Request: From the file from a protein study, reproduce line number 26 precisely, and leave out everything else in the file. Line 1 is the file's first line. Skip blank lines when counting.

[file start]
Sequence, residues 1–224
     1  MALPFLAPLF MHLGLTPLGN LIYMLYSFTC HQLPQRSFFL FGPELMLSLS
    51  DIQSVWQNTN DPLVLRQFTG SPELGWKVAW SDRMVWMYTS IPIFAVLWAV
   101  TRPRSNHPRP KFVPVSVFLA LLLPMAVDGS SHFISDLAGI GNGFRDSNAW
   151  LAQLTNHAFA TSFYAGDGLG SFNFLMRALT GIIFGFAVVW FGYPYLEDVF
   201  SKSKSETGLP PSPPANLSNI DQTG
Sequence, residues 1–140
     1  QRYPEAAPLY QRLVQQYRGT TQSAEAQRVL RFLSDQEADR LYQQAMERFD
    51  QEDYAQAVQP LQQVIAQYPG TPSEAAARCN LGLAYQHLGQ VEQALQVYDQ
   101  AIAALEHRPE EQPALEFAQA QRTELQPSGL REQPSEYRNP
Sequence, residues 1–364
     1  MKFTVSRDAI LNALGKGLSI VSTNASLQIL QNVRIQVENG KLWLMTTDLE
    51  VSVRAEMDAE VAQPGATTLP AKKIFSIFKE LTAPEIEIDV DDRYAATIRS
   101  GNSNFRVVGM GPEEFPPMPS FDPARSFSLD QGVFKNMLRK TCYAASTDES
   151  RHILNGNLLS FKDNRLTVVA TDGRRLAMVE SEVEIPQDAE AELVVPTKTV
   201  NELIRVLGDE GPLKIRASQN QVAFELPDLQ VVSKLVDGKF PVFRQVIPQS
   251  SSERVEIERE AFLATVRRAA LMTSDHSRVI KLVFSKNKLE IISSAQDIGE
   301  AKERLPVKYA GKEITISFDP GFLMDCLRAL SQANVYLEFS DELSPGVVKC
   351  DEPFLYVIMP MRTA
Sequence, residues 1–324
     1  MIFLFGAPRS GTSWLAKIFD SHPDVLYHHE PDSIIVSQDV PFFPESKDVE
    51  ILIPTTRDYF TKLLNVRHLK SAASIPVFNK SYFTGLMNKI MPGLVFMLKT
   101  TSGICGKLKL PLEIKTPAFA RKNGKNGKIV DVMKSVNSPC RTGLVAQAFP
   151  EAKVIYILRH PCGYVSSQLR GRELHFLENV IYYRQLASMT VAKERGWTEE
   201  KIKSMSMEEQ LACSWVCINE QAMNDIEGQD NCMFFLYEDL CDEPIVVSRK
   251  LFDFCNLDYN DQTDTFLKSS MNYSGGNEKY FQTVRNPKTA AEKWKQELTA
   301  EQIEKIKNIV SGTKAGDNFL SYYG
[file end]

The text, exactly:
   251  LFDFCNLDYN DQTDTFLKSS MNYSGGNEKY FQTVRNPKTA AEKWKQELTA